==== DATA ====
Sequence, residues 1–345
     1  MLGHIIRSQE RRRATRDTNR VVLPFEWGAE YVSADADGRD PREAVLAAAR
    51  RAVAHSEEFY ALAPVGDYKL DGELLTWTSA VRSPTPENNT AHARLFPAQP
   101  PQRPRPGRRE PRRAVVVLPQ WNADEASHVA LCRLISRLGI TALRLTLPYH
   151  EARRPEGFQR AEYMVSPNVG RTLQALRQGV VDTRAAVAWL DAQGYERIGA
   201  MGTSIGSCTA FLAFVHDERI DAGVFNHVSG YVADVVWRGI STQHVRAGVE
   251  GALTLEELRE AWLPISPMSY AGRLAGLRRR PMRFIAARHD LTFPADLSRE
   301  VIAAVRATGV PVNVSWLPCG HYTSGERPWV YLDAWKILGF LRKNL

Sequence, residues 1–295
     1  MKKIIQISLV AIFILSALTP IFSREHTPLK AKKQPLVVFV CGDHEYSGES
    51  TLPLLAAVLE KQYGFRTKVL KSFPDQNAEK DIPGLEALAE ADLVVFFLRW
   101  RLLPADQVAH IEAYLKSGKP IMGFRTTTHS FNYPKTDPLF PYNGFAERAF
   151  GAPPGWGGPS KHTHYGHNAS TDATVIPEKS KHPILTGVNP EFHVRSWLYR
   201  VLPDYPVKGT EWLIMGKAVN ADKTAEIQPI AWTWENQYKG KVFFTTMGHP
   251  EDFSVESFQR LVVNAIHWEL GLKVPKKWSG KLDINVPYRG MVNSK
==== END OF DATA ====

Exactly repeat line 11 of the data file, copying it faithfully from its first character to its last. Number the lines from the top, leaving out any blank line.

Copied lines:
    51  TLPLLAAVLE KQYGFRTKVL KSFPDQNAEK DIPGLEALAE ADLVVFFLRW